ROME – Omar Mohammed knows the city of Mosul better than anyone.
He is the man behind the Mosul Eye blog, which kept the world informed about the atrocities committed by the Islamic State group — called Daesh by its victims — after it took over the Iraqi city in 2014.
He was forced to flee Iraq in 2017, the year the Islamic State was forced from the city, due to threats to his life.
“The real consequences of Daesh are much more than the religious one,” he said on Tuesday, during an online seminar titled “Shattered by Terror: Rebuilding Social Confidence in post-ISIS Mosul” organized by the Centre for the Study of Divided Societies at King’s College London.
“The economy is at the heart of the rebuilding of the confidence because it’s a commercial city that lives and thrives from economic prosperity,” Mohammed continued.
“Yes, you have the Christian neighborhoods and the Muslim neighborhoods, but all come together in the old market, reason why it’s one of the first things being rebuilt,” he said. “It allows people to recover their cultural and historical identity, while helping rebuild relationships.”
The historian, who currently lives in an undisclosed location in Europe with his wife, is convinced that reconciliation is not the first step. On the contrary, he sees it as an outcome of a sustainable plan of economic prosperity.
“When neighbors, or minorities, are able to regain some sense of normalcy in their lives, coexistence will come back too, and with it, reconciliation,” he said.
Another key element for this reconciliation, Mohammed argued, is the public recognition of the suffering caused by Daesh. For this, he had two specific proposals: First, as the city is rebuilt, there should be one or more spaces allocated to remembering the victims of the terrorist group, perhaps with murals containing the names of each individual killed.
“We need to recognize the suffering at the individual level, not only communal,” he said. “We need to make sure each person’s suffering is recognized. Everyone matters, and every life is important.”
He made this proposal as he was arguing that even though all the crimes committed by Daesh were crimes against humanity, not every minority sustained the same level of damage and systemic destruction. This is the reason why some have been recognized as victims of genocide and others might not be, at least not by the Iraqi government.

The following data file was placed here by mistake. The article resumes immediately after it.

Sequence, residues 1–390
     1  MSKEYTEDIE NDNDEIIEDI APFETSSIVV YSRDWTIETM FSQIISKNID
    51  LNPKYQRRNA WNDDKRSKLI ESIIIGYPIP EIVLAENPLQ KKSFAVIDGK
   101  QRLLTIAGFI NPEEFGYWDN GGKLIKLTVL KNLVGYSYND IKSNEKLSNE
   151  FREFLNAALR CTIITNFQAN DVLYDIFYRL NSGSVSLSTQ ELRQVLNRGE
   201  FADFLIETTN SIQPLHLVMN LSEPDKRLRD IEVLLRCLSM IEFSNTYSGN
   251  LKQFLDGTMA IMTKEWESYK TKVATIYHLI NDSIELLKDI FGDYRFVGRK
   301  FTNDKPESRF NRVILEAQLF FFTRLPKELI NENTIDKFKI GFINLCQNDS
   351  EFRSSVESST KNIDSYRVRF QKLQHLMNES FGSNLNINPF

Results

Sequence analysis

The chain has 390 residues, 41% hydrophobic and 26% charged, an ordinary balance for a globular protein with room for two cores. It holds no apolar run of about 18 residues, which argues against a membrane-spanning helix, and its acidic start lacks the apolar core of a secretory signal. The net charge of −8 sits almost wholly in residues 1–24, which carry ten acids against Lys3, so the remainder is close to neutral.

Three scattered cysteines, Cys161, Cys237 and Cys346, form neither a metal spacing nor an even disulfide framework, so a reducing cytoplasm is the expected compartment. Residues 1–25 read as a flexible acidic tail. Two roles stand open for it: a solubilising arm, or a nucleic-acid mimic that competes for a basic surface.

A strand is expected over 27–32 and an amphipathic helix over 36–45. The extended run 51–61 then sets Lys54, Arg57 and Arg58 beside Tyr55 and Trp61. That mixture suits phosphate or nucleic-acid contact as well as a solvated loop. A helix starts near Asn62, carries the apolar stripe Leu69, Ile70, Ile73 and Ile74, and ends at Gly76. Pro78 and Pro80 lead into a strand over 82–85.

Mohammed’s second proposal is the holding of public trials by Iraqi authorities of the members of Daesh.
“People need to know that they live in a country that has a system capable of putting these criminals behind bars,” Mohammed said. “I know there’s a will from the government to hold these trials, but I don’t understand why they haven’t happened yet. People have the right to know that the government will not leave these crimes go unpunished. Once you feel justice is served, people might cool down a little bit.”
Though Daesh worked hard to sow mistrust among Iraqis, Mohammed is convinced that the social fabric began deteriorating long before their rise, and even long before the 2003 U.S. led invasion. It began, he said, during the regime of Saddam Hussein, who came to power in 1979.
“His regime manipulated the social life of the people and played on the different layers of the history of Mosul, creating differences between the communities, empowering the rule of tribes over urban life,” he said.
In the early 1970s, an interreligious gathering posed the question that — Mohammed claimed — some are afraid to ask even today: How can we live together as people from different religious traditions and different ethnicities.
“Much was invested in trying to generate communal trust and maintain the diversity of Mosul, trying to prevent future problems,” he explained.
But during Hussein’s regime, Mohammed said, it became dangerous to even pose the question, and the social fabric has been systemically deteriorating since then. There was an attempt, he added, of reviving the question of coexistence, but “the emergence of terrorism killed the movement, again.”
The challenges Iraq faces today are many, including the inability by the national security forces to guarantee the safety of the Iraqi citizens: “If this cannot be guaranteed, then all efforts of rebuild will die.”
Speaking with Crux on Thursday, Mohammed voiced concern over the Iranian-backed militias that sometimes overlap with minorities, particularly in the Nineveh Plain, where there are many grievances that have not been addressed, including militias giving Christian-owned territories to Shia Muslims coming from southern Iraq, fleeing the hardship caused by climate change.
“Daesh is using to rebuild its narrative,” he said. “And this is very dangerous. The unresolved problems of the families with Daesh members, of those who disappeared, and many other questions posed by those who’ve lost it all and children growing amidst terrible hardships, are creating the perfect environment for Daesh to regenerate itself, even if I don’t think they will be able to have the power they had before 2017.”
Despite the uphill road for both is country and his city, Mohammed has hope in the future, rooted in the young generation who’re trying to “establish a social contract that can actually contain, accept everyone. But we have to be realistic: This change won’t happen overnight. As a historian, I known I shouldn’t be optimistic. But as a citizen of Mosul, I can’t help but be so when I see the young thirsty for a better future.”
“And I hope to see Pope Francis welcome this new generation in Rome,” he told Crux. “More so than Iraqi politicians, as he’s continued to do so since his trip to Iraq last March.”
The pontiff visited Mosul on March 7 during his four-day visit to Iraq.
Follow Inés San Martín on Twitter: @inesanma